The closer we get to the guesthouse, the more weather turns to the worse. No sunset at the Ginat’s Causeway, it seems sure now. So we decide to drive straight to the guesthouse. We are staying at a really nice local place, Causeway Lodge, which is not far from Bushmills. It’s a nice two story house which has everything except the internet (doesn’t work on that day), so I don’t get a chance to check my messages and find that recommended dinner place. Just a few days before the journey I learned that someone I met at a course many years ago, is from this area, and recommended me a place for dinner. I remember it has to do with Mermaids, but I am not even sure which town it is in! I am also surprised to learn that she will have her wedding in Bushmills, in a hotel that I wanted to book for my stay, but there were no rooms left! The world is small after all!
The guesthouse that we are staying in is truly lovely – nice room, it has a teapot and a cookie jar next to it, nice bathrobe, slippers, all seems new, clean and it’s really pleasant to be here. It’s not your regular large hotel chain! The owners granddaughter lets us in, and she also recommends us to go to Portrush, as everything is booked in Bushmills on a Saturday evening. She also says that we shouldn’t worry too much about the weather as this is Northern Ireland and it can change any moment! So we decide to follow her advice and head to Portrush. On the way there are quite a few viewpoints, we even stop in a few, but don’t get out, as it’s pouring as heavily as before.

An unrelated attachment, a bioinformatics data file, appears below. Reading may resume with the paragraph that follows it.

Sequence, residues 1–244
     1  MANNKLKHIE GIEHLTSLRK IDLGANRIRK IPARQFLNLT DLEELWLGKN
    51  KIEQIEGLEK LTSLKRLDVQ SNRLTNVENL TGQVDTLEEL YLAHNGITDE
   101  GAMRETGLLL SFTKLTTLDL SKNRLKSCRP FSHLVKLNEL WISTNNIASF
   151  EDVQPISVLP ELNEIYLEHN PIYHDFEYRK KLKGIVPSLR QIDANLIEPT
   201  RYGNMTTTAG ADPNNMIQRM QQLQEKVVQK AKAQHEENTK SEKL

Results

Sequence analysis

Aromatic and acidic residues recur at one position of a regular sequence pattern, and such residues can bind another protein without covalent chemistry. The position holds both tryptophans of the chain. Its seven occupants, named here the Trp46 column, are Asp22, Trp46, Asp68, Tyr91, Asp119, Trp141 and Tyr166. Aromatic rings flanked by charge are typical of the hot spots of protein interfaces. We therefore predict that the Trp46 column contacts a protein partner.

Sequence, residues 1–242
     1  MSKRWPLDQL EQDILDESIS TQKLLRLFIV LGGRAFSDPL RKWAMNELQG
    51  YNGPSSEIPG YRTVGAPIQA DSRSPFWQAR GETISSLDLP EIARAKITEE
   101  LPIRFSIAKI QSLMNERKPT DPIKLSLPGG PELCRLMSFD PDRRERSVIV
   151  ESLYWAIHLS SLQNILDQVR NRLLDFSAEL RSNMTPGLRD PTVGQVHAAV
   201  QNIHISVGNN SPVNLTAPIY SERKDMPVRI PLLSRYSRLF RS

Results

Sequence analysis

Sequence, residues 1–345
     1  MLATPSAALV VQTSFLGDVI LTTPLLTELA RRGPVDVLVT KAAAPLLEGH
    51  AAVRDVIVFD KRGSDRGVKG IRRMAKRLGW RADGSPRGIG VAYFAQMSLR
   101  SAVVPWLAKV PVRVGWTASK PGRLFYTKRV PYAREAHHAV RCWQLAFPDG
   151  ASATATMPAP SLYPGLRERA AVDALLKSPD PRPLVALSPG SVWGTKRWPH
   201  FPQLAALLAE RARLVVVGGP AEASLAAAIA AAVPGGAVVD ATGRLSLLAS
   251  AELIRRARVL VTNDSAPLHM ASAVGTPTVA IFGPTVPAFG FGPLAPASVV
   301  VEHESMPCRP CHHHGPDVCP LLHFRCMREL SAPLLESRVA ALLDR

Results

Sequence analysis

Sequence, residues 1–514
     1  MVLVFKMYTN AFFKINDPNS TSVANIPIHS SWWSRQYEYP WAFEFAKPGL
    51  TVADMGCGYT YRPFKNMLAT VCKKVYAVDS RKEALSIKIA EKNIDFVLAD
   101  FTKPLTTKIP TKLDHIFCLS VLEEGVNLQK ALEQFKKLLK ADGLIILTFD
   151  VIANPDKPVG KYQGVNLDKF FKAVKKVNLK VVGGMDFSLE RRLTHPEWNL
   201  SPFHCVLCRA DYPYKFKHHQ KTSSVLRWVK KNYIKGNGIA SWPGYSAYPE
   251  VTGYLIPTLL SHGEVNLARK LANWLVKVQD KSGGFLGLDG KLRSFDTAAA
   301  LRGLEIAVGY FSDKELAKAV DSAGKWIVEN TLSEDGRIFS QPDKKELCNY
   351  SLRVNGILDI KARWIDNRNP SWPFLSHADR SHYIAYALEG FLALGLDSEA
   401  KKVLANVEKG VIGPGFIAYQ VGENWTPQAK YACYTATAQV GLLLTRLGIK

Finally we are in Portrush, driving around and looking for places when I see the restaurant I was told about – Mermaid! What a coincidence, just to drive in that particular city and accidentally see it! We drive around the block looking for parking spots, but all is completely full. Finally we find a spot nearly 2 kilometers away from the restaurant. It’s at the ocean, and we notice that the weather is finally improving. Maybe we do have a chance for some sunset pictures? We quickly run to a supermarket to grab a few sandwiches and when we exit just five minutes later, it’s still raining but sun is shining too. There must be a rainbow somewhere! We quickly drive to the viewpoints along the road and we see it – the brightest one I have ever seen and another one right next to it! I immediately remember the stories about leprechauns and buried pots with gold under the rainbows!